Space Environments Research to Application (SERA)

NASA’s Marshall Space Flight Center has established the Space Environments Research to Applications (SERA) working group.  SERA is an ad hoc organization composed of discipline experts from across the Center and is focused on promoting space environments research and transitioning this research to applications at MSFC, within NASA, nationally, and internationally where appropriate.  There exists numerous and varied capabilities focused on space environments at MSFC, and one of SERA’s goals is to strategically use these unique capabilities to promote space environments research to benefit mankind.  SERA’s purpose is to enable, sustain, promote, and enhance space environment research and knowledge of space environment influence on space systems performance. The SERA working group  will provide coordination, as appropriate, to facilitate space environment research and transition this knowledge in applications-driven products. This transition will occur most commonly, however not always, as integration into the mission life cycle.  SERA  will advocate for the advancement of solution-driven investments in space weather research and space effects on space systems performance. SERA will include, but not be limited to, the disciplines of heliophysics research, space weather effects, space environment characterization, and environmental effects testing and analysis for space materials and systems.  SERA will, when appropriate, facilitate cooperation between NASA MSFC and the commercial aerospace industry, other federal agencies, and other NASA field centers.  SERA  will support NASA HQ in relevant activities as requested.   The goal of SERA at MSFC is to enable mission success through the transitioning of space weather and environment knowledge from research/science to operations/engineering applications.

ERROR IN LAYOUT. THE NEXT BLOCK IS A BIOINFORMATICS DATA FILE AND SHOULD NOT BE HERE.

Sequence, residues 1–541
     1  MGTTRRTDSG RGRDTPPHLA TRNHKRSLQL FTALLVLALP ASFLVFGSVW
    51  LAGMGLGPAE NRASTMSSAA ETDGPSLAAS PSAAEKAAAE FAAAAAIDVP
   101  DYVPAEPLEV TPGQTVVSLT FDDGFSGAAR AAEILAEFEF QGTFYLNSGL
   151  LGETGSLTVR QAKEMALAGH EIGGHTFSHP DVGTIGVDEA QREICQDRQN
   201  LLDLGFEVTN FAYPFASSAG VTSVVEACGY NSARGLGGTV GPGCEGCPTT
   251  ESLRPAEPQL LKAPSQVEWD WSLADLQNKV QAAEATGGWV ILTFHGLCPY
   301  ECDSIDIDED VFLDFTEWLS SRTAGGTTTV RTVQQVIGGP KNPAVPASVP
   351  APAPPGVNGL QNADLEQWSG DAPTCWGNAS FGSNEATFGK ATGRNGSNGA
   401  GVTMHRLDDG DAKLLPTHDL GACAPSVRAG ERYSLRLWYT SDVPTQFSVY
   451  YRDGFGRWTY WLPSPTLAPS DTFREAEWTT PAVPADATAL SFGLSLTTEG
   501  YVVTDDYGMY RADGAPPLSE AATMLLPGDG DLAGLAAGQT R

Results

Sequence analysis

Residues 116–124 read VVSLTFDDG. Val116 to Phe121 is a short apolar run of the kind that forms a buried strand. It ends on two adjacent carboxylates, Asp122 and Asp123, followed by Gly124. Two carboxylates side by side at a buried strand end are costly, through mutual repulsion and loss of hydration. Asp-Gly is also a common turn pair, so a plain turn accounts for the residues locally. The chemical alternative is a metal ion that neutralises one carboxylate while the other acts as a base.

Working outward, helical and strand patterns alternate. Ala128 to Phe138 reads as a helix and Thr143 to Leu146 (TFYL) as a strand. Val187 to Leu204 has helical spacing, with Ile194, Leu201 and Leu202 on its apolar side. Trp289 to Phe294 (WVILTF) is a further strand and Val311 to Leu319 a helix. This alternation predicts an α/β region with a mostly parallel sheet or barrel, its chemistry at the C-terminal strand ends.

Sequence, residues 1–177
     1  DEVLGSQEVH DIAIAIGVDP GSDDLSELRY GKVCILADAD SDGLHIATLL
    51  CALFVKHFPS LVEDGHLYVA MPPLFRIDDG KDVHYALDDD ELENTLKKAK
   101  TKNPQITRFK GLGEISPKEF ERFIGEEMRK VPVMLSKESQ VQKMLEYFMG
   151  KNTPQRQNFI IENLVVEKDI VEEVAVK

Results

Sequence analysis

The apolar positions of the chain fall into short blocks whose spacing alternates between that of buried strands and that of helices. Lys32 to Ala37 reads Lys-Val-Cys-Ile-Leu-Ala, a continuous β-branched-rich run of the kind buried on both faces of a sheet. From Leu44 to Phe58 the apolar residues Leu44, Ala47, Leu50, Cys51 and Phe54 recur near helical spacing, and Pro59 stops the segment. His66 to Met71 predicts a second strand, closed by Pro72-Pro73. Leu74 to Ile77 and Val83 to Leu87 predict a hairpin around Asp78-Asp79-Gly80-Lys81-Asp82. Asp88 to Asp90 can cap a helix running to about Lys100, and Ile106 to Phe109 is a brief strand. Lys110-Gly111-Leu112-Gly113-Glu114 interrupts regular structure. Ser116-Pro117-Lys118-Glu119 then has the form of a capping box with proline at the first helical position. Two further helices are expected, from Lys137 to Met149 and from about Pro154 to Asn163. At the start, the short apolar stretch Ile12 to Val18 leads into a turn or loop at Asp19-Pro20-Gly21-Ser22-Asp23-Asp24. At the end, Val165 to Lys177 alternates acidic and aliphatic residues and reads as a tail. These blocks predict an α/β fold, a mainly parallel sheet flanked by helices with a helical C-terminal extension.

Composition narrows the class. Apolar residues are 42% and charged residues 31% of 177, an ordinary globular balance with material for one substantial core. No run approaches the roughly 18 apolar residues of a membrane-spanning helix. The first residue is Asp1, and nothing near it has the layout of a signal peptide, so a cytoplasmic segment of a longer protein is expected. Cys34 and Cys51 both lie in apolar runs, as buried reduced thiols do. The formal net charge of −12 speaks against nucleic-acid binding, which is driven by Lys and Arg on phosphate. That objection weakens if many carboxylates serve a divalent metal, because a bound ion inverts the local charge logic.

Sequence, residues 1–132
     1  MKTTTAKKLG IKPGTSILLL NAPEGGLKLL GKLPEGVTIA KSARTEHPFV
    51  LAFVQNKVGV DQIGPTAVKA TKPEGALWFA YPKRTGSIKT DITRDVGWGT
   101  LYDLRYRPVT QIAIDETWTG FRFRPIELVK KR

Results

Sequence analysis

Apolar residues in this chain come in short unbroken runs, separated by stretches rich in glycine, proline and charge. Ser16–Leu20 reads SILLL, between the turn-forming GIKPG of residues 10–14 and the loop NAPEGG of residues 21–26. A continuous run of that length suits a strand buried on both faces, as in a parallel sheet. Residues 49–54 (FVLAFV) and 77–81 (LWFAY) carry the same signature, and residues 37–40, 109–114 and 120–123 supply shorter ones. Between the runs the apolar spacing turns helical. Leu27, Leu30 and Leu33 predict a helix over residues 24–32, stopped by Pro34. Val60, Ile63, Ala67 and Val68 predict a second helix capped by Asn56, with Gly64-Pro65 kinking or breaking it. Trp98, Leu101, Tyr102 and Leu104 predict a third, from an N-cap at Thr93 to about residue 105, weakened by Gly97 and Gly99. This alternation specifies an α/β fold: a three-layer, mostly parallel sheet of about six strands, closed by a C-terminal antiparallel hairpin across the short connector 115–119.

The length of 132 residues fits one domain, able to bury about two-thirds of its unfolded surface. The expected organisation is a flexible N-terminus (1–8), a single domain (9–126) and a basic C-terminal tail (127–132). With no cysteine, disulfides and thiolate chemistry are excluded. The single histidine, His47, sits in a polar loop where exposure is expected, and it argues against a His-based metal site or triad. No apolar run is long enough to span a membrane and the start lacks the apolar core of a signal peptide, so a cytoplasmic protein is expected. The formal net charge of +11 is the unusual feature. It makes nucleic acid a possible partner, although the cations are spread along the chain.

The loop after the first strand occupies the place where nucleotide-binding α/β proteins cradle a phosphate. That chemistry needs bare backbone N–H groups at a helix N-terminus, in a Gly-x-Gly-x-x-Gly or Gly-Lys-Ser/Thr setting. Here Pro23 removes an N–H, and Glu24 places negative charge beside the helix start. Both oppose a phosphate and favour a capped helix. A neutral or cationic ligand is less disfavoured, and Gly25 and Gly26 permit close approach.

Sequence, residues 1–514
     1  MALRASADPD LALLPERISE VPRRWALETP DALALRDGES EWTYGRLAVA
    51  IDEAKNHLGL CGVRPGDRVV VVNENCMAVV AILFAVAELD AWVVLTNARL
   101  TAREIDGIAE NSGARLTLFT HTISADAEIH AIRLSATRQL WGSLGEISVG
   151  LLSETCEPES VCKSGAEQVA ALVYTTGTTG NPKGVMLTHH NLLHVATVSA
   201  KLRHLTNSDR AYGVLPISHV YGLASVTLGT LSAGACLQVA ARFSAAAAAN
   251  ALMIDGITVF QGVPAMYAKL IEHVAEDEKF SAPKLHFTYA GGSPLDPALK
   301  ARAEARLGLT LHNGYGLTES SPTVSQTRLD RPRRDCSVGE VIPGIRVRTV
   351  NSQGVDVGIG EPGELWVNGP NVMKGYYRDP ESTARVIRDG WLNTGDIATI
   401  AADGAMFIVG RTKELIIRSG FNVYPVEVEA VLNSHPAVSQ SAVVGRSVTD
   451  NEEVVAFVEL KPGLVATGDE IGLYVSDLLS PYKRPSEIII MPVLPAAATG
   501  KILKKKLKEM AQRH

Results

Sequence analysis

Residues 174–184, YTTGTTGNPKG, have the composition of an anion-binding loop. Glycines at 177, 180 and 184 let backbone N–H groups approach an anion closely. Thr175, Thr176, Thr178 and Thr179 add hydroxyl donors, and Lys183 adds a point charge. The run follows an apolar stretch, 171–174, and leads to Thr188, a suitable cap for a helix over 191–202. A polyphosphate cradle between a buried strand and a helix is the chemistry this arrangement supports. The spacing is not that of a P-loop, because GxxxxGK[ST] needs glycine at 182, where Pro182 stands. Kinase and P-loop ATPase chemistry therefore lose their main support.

Points of contact:

Joe Minow ( Joseph.Minow@NASA.gov )
Jim Spann ( Jim.Spann@NASA.gov )
DeWitt Burns ( Dewitt.Burns@nasa.gov ) 



SEE Products

Satellite Contamination and Materials Outgassing Knowledgebase  - This knowledgebase was originally developed by Bob Wood for the Space Environments and Effects (SEE) Program office and was distributed, for many years,  through the SEE website http://see.msfc.nasa.gov as a stand-alone PC-based knowledgebase.  Recent discussions among the National and International space environments and effects community helped codify a decision to enhance the accessibility and availability of SCMOK within MAPTIS. 

The  SCMOK is an interactive, menu-driven database that provides outgassing properties of aerospace materials based upon ground-testing data, the effects of outgassing, and contaminant re-deposition that has been observed during space flight. 

The knowledgebase contains information using the ASTM Standard E-1559 and also consolidates data from missions using Quartz-Crystal Microbalances (QCM’s). The data contained in the knowledgebase was shared with NASA by government agencies, industries, and international space agencies.

Access to the SCMOK may be obtained through a hot link for requesting a User ID and Password from the SEE web page http://see.msfc.nasa.gov/db_contam, or  directly from the MAPTIS site administrator, http://maptis.nasa.gov/Request.aspx